Atrial fibrillation in the elderly

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Atrial fibrillation (AF) is prevalent in the elderly (affecting 5% of persons aged ≥ 65 years and around 10% of those aged ≥ 80 years old) and is associated with stroke, heart failure and poor quality of life. The symptoms of AF are palpitations, fatigue, reduced exercise capacity, dyspnea or dizziness. AF is associated with comorbidity, mainly hypertension in outpatients, and ischaemic heart disease and heart failure in hospitalized patients. Two therapeutic strategies are available to treat arrhythmia: rhythm control or frequency control. In many elderly patients with AF, frequency control is an effective option, particularly when there is heart failure, contraindications to antiarrhythmic agents or when cardioversion is not indicated. Anticoagulation is the main measure to reduce stroke risk. If anticoagulation is not appropriate for a patient, antiaggregants can be used, but the benefit is clearly lower than that provided by anticoagulation.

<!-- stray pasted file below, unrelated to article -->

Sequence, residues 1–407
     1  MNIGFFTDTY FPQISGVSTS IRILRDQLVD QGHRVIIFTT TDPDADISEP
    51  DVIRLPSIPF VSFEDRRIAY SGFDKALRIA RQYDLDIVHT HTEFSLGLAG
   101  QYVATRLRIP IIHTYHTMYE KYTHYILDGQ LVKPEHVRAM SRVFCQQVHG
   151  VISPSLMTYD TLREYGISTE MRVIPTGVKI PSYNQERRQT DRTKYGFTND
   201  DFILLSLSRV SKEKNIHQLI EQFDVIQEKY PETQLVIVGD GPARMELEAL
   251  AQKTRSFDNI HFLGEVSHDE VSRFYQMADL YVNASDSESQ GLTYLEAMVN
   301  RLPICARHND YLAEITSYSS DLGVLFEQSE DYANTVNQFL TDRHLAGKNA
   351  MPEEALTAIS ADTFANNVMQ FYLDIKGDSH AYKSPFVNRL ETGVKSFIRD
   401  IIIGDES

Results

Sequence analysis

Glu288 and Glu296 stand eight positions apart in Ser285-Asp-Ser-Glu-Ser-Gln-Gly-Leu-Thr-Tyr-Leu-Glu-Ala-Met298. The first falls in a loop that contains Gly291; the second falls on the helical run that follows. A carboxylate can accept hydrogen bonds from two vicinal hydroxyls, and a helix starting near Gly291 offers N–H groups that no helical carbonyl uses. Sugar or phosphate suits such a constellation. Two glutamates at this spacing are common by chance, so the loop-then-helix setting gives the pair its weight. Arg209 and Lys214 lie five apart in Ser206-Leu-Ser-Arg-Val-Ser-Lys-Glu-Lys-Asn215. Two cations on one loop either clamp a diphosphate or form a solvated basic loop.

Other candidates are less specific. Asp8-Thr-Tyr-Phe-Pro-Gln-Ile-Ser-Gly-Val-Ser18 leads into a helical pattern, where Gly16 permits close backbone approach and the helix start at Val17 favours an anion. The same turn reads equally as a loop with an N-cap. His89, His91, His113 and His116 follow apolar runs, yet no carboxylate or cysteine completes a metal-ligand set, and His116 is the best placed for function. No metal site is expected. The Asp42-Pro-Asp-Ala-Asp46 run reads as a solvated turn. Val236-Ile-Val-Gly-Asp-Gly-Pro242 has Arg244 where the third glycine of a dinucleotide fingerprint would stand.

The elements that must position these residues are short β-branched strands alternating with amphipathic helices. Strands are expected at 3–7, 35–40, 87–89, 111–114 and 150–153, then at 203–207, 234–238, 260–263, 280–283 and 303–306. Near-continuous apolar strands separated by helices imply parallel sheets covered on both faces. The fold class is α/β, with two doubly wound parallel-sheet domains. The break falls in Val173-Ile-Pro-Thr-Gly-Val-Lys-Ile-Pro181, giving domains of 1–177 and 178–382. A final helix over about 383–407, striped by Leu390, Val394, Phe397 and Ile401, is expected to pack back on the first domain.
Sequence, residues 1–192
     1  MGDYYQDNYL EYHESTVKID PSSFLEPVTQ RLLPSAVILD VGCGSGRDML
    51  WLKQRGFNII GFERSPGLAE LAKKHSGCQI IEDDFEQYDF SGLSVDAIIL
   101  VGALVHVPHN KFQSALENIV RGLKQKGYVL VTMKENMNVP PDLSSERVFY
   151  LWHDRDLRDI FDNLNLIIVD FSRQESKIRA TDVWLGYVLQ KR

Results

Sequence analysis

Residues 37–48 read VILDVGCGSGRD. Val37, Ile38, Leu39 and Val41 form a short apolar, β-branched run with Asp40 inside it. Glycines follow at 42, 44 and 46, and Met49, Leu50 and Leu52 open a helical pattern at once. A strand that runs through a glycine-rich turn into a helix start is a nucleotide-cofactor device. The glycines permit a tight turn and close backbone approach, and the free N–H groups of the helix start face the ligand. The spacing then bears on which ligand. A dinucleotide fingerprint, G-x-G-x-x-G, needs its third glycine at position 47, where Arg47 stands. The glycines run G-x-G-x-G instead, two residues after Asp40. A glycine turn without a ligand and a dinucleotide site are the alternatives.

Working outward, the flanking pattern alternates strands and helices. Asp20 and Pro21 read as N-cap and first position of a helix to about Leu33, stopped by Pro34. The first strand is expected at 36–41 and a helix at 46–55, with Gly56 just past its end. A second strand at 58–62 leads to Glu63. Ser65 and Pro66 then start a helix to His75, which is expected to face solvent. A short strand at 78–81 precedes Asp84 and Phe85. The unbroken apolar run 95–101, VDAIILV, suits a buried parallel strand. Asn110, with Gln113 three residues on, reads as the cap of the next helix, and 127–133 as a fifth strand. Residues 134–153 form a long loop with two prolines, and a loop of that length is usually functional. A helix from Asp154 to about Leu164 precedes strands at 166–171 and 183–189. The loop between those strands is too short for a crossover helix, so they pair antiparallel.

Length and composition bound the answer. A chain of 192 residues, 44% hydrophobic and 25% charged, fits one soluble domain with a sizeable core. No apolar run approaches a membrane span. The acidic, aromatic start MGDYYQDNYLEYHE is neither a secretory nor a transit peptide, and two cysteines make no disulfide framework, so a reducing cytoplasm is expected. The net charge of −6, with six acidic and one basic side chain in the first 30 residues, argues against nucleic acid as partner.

Original languageEnglish
Pages (from-to)106-112
JournalRevista Espanola de Geriatria y Gerontologia
Issue number2
Publication statusPublished - 1 Mar 2008


  • Antiarrhythmics
  • Anticoagulation
  • Atrial fibrillation
  • Elderly


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